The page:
However, last week, Iran banned the import of dairy products from China because of contamination concerns. According to the Health Ministry, the ban is in place until further notice. The ministry is assigning health workers to demolish Chinese dairy products currently on the Iranian market.

Vast Economic Potential Lauded
A specialist business magazine attests that Iran’s economy has many outstanding investment opportunities open to international firms.
Business Monitor International (BMI) scrutinized Article 44 of the Islamic Republic of Iran’s Constitution and announced that there are several significant investment prospects for Iran’s economy.
According to BMI, Iran has provided numerous investment opportunities for domestic and foreign investors, particularly on its stock exchange.
Business Monitor believes that the privatization of state companies and low stock prices implemented under Article 44 have greatly motivated foreign investors to take part in Iran’s economic activities.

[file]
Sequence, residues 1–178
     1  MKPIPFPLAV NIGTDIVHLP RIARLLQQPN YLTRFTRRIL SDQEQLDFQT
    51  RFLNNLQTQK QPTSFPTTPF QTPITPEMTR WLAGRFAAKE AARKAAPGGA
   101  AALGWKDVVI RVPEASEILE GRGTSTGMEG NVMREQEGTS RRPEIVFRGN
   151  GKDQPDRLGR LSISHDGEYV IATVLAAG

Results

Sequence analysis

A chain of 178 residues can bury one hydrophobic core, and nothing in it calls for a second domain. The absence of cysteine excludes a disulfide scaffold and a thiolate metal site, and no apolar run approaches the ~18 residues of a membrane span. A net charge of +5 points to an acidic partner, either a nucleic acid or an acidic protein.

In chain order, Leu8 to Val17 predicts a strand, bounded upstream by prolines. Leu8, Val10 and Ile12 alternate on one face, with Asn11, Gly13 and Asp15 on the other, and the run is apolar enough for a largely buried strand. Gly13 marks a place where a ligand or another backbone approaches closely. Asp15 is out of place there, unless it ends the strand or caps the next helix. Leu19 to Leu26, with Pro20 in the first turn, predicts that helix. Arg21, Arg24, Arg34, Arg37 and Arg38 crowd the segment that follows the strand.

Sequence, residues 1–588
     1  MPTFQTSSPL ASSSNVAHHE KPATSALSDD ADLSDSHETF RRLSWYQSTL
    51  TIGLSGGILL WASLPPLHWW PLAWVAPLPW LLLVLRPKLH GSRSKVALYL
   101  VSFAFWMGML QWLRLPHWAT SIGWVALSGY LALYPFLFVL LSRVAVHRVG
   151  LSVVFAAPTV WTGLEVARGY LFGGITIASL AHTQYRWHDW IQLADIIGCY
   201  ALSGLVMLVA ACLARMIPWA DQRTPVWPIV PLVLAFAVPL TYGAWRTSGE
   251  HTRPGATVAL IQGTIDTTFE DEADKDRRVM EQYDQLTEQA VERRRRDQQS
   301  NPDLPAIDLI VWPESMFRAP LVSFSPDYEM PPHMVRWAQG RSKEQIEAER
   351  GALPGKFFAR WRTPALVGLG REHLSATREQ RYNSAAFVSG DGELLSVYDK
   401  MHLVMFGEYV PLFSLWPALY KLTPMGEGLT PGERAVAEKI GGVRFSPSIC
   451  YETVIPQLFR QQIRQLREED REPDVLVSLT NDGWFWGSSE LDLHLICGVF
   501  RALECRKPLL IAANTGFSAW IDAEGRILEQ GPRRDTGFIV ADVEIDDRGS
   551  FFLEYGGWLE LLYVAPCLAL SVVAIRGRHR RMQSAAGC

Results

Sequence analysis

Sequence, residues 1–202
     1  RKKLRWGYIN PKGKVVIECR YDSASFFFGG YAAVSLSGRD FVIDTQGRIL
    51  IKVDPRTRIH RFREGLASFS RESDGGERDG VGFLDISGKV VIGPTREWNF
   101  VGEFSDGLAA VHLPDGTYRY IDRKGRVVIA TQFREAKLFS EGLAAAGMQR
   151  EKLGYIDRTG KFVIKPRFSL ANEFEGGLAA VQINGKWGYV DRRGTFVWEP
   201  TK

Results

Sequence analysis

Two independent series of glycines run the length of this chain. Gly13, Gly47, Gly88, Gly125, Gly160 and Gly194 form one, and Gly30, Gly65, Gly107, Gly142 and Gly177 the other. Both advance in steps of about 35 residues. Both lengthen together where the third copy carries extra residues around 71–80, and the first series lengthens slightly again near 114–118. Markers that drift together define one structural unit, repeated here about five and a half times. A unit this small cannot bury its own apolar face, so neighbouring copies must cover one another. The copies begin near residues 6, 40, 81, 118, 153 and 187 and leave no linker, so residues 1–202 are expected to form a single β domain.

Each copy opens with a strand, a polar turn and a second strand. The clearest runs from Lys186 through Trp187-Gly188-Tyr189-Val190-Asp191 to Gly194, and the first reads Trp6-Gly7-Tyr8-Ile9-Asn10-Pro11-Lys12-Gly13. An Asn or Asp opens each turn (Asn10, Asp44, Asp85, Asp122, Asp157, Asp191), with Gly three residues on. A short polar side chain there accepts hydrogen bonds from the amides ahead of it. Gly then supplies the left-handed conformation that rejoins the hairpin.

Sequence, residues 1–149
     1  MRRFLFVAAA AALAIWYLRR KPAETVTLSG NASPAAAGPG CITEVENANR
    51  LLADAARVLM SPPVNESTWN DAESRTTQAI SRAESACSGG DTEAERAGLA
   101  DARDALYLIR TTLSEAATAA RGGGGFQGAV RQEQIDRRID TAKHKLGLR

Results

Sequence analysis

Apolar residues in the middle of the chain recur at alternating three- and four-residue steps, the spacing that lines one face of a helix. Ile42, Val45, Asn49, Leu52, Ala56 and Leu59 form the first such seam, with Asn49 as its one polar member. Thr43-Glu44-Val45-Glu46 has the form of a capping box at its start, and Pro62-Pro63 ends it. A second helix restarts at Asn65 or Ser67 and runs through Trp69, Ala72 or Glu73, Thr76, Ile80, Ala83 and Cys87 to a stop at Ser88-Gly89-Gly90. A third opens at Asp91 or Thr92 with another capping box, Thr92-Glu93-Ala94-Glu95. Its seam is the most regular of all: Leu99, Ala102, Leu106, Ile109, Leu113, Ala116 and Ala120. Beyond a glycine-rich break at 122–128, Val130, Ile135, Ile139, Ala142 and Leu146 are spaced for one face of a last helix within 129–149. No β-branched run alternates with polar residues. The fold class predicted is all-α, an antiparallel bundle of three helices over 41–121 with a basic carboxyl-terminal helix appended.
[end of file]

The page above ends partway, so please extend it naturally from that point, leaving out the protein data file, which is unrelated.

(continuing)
In addition, during the current year, the price index of Tehran Stock Exchange has increased by 28 percent over the previous year. Business Monitor International is a leading print and online publisher of specialist business information on global emerging markets.

Sagem to Expand Trade
The export affairs director of the French company Sagem said the company will ignore politics when inking trade deals with the country.
Addressing a seminar in Tehran on the strategies of the company in Iran, Eric Ricard called for expansion of trade cooperation with the Islamic Republic, according to Mehr News Agency.